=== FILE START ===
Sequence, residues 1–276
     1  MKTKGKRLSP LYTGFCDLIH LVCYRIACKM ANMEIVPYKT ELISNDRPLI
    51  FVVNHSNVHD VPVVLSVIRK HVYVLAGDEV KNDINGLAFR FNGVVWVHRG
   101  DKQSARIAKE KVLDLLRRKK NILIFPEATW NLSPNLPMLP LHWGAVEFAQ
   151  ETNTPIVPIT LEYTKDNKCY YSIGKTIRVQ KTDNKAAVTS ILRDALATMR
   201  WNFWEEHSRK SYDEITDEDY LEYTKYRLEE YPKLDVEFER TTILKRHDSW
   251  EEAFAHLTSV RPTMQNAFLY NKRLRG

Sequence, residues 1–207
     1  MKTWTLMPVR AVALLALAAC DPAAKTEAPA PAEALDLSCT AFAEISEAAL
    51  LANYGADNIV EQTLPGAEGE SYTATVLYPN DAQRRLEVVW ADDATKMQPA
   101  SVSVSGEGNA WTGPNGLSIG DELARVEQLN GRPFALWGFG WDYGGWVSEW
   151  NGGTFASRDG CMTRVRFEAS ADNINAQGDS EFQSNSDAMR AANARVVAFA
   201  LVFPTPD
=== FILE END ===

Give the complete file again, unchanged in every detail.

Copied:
Sequence, residues 1–276
     1  MKTKGKRLSP LYTGFCDLIH LVCYRIACKM ANMEIVPYKT ELISNDRPLI
    51  FVVNHSNVHD VPVVLSVIRK HVYVLAGDEV KNDINGLAFR FNGVVWVHRG
   101  DKQSARIAKE KVLDLLRRKK NILIFPEATW NLSPNLPMLP LHWGAVEFAQ
   151  ETNTPIVPIT LEYTKDNKCY YSIGKTIRVQ KTDNKAAVTS ILRDALATMR
   201  WNFWEEHSRK SYDEITDEDY LEYTKYRLEE YPKLDVEFER TTILKRHDSW
   251  EEAFAHLTSV RPTMQNAFLY NKRLRG

Sequence, residues 1–207
     1  MKTWTLMPVR AVALLALAAC DPAAKTEAPA PAEALDLSCT AFAEISEAAL
    51  LANYGADNIV EQTLPGAEGE SYTATVLYPN DAQRRLEVVW ADDATKMQPA
   101  SVSVSGEGNA WTGPNGLSIG DELARVEQLN GRPFALWGFG WDYGGWVSEW
   151  NGGTFASRDG CMTRVRFEAS ADNINAQGDS EFQSNSDAMR AANARVVAFA
   201  LVFPTPD